And from a 4th year teaching student at CSU:
"Completing the Personal Identity Reflection Questionnaire was challenging because it was the first time that I had been challenged to reflect deeply on my own personal belief systems and cultural understandings. I have previously considered what my beliefs are, yet not uncovered the reasons why I hold these beliefs and how they influence my actions. [It] also provided the opportunity to identify and challenge the personal ideologies I hold about Indigenous Australians. Lampert (2005) suggests that as our beliefs are politically and socially constructed, we often develop opinions without knowing why. Our beliefs and attitude are shown in our discourses and actions. In the classroom context, teachers hold significant power to contribute to the ways Indigenous Australia is perceived and understood by students. Therefore, self reflection is critical for educators to identify and address cultural biases (Harrison, 2008)."
Note: Questioning, challenging and resisting this document is a valid way of engaging with it. Just make sure you're not really doing this as a way to avoid self-scrutiny...
Here are some questions for reflection on your own unique cultural standpoint, no matter where you are from in this world. Feel free to share your reflections in the discussion page. This could be a good exercise for your students as well. These questions were developed from a lesson on identity in Rhonda Ashby’s Aboriginal Studies class at Lightning Ridge, and inspired by the work of Dr Karen Martin, Noonuccal woman and Aboriginal researcher. Feel free to add and delete whatever you need.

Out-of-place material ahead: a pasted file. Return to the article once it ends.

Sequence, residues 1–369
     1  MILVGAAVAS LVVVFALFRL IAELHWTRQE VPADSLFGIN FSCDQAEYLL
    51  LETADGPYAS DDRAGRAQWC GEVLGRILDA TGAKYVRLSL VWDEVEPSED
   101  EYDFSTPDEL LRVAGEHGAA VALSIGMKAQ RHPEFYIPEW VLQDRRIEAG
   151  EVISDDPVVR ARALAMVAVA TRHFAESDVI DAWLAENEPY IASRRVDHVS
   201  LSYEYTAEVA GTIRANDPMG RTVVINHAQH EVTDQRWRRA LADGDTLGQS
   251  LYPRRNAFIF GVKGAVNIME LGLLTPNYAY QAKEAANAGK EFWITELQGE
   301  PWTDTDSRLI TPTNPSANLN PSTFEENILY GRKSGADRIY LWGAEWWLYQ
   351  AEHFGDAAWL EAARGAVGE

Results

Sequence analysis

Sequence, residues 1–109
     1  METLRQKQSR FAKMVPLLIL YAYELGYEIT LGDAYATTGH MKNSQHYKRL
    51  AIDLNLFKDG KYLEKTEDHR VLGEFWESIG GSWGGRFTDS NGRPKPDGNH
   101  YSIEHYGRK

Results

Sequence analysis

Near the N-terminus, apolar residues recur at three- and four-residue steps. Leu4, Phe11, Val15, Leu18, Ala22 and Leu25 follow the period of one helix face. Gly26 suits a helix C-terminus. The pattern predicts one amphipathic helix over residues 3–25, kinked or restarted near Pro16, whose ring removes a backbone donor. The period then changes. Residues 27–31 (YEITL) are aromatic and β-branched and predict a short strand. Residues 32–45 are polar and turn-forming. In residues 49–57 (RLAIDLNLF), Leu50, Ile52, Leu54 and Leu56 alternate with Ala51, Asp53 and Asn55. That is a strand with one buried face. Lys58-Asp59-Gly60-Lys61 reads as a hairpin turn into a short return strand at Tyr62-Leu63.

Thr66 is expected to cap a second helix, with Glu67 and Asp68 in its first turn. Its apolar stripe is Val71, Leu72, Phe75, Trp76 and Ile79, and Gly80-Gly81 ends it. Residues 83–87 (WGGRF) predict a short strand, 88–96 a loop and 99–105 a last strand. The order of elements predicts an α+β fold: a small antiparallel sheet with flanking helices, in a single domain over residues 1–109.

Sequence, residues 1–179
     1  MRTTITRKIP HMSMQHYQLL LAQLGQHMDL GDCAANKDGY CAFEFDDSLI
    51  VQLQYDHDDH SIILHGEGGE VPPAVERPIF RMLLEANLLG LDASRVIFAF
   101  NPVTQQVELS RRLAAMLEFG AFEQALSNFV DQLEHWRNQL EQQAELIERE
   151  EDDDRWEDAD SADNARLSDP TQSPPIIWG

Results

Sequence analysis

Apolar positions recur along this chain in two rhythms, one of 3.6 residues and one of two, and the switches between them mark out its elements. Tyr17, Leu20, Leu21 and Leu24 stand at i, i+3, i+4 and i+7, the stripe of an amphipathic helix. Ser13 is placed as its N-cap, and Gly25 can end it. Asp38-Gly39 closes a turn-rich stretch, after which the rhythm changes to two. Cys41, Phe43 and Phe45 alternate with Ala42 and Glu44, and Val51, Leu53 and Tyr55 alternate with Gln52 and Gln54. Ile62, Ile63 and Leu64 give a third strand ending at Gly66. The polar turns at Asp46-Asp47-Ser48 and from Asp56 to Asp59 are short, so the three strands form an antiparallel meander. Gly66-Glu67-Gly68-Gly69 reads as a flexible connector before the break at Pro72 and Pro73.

The questions will help you reflect on your ways of being, ways of knowing, ways of doing and ways of valuing. In western knowledge systems these become ontology, epistemology, methodology and axiology.
1. Ways of being.
Where do you belong? Who do you belong to?
How do you know that something is real?
List some categories of the things you know are real in this world.
From the following sets, select the land orientations you feel most comfortable with:
Saltwater / freshwater
High ground / low ground
Hills / plains / ridges / mountains / coast
Open country / forest
Wet / dry
Red soil / black soil
Sand / dirt / rock
Warm / cool
Fur / feathers / scales / fins
Wood / rock / earth / wind / fire
Where are your ancestors from and how do you connect with them?